Rescuing Reptiles

ball_pythonWhen we think of pets, dogs and cats usually come to mind first. If these animals can no longer be cared for by their owners, are abandoned, found roaming neighbourhoods, or are apprehended by authorities because of neglect or cruelty, they can be brought to the local S.P.C.A. to be cared for. When animals are considered healthy, they are then available for adoption as the goal is to find individuals who can provide a safe and loving home to them.

So what happens when snakes, lizards, and turtles can no longer be cared for or are seized because of inadequate care? Well, on Vancouver Island … there really wasn’t anything … officially.  At least that’s how it was until 2008, when Natalie Ramsay and Dawn Robertson established the North Island Reptile Rescue Society. Their goals are to provide a center for rescue and rehabilitation as well as educate the public about reptile and amphibian pets. If restricted animals (B.C. has laws about what types of reptiles and amphibians can be purchased here) end up in their care, they transfer them to appropriate facilities that can take care of them.

We learned a great deal from their presentation. So much in fact, that a new pet found its way into the Braidwood household. A ball python! Maybe if my class is nice to me, I’ll bring Yatsu into class to visit.

🙂

 

image: Zorro, my ball python by char1iej released under a CC Attribution – Noncommercial – No Derivatives Works

The Day We Met Geanie …

2010_CougarPelt1 

The topic of our local large predator animals came up in discussions with Mr. Webb‘s students in New Zealand. We learned that there, they did not have comparable animals or even any poisonous ones, so it seemed like the topic of our animals like black bears and cougars came up more than once. While not many of us have actually seen a cougar while we’re out hiking or mountain biking, some of us have and one of the lessons we learn here is that cougars are rarely seen, but if you’re in their territory they’re always watching you. By nature, they aren’t really too interested in us, but incidents with cougars and people have occurred on Vancouver Island when people startle a cougar, get too near cougar kittens, or the cougar is sick or confused. In my 12 years here, I’ve yet to hear of a local cougar attack. 

When our music teacher, Mrs. Lehton, heard about some of our discussions, she asked me if I would like her to bring in a cougar pelt that her Air Cadet Squadron at 19 Wing Comox uses traditonally as part of their military marching band. Well, we couldn’t exactly pass on that opportunity!

The following was sent by Mrs. Lehton …

Geannie the cougar was shot in a community on the North end of the island because she was a nuisence and a threat to humans and pets. She belongs to the 386 Royal Canadian Air Cadet Squadron Comox and as a tradition she is worn by the bass drum player of the marching band. Geannie is worn during all formal functions of the band. I am the director of the band.

Geannie was given to us about two years ago during a special ceremony where she was blessed by a Padre who is like a military Priest. We were replacing another cougar skin we had that was quite old and falling apart. I believe the old cougar skin was at least 30 years old. His name was George.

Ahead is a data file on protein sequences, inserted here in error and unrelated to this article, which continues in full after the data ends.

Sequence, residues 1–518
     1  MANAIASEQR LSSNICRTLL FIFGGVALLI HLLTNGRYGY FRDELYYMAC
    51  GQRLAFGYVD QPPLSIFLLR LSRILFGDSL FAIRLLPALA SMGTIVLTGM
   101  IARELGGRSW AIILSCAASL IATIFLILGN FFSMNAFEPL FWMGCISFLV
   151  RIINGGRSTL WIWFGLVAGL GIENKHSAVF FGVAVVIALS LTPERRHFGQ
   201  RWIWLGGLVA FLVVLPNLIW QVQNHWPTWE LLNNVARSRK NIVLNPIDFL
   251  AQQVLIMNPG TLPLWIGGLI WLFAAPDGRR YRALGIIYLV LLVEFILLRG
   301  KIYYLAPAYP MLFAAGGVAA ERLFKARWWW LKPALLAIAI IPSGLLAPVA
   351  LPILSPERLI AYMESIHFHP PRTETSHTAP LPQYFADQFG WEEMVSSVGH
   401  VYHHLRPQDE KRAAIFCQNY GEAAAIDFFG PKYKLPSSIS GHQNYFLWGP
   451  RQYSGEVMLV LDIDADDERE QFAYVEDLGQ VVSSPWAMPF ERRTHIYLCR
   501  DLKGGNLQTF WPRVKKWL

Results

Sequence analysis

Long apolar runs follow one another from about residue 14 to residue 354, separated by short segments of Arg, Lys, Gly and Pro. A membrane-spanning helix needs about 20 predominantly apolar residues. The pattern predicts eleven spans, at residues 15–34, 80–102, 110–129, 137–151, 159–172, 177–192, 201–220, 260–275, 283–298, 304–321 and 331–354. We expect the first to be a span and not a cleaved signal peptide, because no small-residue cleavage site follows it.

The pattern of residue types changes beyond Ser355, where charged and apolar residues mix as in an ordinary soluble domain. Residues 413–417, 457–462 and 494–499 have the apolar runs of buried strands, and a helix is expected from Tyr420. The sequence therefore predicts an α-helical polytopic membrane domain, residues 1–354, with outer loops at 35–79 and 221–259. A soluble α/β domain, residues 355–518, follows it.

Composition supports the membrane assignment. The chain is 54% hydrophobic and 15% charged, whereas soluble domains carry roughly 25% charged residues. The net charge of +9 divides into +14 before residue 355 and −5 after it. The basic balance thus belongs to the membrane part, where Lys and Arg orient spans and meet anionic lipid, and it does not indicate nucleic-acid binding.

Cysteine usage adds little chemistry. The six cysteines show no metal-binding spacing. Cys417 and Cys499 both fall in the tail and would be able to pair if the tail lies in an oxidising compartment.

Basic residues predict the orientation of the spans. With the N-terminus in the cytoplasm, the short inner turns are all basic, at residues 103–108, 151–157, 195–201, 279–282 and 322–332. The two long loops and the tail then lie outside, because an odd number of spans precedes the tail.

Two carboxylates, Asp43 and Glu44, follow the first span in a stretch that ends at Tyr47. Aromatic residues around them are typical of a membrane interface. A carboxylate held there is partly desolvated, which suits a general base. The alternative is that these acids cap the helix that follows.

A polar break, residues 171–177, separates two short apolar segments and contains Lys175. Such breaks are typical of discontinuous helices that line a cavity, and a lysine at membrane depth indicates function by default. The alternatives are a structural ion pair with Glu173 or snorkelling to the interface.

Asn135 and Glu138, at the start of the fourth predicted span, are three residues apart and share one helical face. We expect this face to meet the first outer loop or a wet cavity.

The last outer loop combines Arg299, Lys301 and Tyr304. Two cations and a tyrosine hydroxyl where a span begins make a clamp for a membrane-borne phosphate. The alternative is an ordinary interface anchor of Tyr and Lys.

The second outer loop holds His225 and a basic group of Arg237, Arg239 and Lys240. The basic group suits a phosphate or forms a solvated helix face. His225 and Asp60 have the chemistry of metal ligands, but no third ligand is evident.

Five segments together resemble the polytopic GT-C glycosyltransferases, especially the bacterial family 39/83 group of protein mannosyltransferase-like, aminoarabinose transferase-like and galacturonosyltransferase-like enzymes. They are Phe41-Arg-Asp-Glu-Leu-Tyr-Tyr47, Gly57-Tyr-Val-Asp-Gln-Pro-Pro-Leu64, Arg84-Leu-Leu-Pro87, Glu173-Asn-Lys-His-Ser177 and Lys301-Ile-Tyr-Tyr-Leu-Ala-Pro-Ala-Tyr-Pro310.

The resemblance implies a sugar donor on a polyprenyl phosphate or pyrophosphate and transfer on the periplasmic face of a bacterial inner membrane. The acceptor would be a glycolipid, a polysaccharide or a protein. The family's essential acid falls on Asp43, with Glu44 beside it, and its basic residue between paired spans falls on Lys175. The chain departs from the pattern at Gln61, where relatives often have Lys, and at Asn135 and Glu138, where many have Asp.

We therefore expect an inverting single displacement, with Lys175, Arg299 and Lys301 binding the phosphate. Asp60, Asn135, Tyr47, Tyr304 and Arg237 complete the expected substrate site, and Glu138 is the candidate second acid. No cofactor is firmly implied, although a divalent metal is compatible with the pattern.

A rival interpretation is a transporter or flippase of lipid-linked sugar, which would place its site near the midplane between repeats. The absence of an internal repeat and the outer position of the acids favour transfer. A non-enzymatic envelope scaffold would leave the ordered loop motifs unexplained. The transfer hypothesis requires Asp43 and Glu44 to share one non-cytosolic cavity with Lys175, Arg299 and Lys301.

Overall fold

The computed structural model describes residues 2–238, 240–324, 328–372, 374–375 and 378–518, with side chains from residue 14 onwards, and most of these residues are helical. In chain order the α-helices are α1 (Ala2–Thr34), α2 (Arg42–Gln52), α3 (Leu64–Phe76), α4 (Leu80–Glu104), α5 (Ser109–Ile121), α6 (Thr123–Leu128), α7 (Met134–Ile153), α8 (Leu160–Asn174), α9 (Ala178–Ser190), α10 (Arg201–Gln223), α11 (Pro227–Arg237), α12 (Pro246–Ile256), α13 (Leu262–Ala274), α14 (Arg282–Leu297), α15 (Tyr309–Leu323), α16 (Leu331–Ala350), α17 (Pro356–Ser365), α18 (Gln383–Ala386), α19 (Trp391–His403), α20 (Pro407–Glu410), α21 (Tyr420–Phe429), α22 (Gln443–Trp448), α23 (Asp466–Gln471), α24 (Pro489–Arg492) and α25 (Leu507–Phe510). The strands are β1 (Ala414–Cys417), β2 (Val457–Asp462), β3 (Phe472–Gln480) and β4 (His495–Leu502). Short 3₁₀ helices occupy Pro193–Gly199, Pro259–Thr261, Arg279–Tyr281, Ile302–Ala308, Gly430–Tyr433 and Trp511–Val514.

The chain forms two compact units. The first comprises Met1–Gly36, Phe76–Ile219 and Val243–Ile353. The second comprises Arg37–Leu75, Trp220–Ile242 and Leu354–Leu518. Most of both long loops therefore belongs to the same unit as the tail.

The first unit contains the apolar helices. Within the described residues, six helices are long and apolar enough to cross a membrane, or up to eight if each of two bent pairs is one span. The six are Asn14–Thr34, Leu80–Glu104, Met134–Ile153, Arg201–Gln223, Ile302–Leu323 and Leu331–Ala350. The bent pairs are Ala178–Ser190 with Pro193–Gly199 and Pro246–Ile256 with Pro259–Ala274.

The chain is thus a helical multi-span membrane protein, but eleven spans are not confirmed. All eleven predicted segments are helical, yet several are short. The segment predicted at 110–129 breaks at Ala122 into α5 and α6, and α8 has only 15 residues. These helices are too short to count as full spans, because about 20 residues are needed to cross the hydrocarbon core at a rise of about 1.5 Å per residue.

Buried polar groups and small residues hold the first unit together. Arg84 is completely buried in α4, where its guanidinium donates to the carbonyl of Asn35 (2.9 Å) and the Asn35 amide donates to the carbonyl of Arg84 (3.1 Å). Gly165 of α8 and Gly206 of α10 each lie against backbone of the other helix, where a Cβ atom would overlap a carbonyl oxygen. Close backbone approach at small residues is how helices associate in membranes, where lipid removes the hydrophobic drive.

In order to get this skin the Sponsoring Commitee for the Squadron applied to an organization who determines the use of the animals who are killed for our safety and it took about two years before we were contacted that we could have this cat. The animal was taken to a taxidermist who then mounted her to be worn which took quite a while and was expensive.
The
air cadets in Canada are a lot like the air cadets in other countries. We study flying, leadership, survival, first aid, music, drill and much more. Cadets is open and free to all children from the ages of 12 to 18.

 

We thank Mrs. Lehton for the opportunity to see, feel, and even wear the cougar pelt. It was a very memorable experience. We’re wondering  … do any of our readers have similar or different animals where they live? Or maybe smaller animals, but poisonous? We really don’t have too many poisonous creatures here.

We’re in the process of creating a few more visuals to share a little bit more about where we live. Keep your eyes on the lookout for the next ones!

Minding Our Own Businesses

Last Friday was our school’s first ever PowerPlay Young Entrepreneurs Fair, which was sponsored by our local credit union. To prepare for it, Grade 6 & 7 students from 3 classes have been learning about how to create a business plan to market an original product. There were many steps leading up to Friday afternoon’s success and the creative ideas that emerged were very impressive. A few “business” ended up taking future orders when they ran out of product!

After the fair, students calculated their true profit, which ultimately was their cash accumulation for the day minus the float they started with and minus the loan the received to help them buy their materials. From their profits, 10% was collected from each student for charitable donation. We’re currently in the process of deciding which organization we’d like to donate the money to as a class.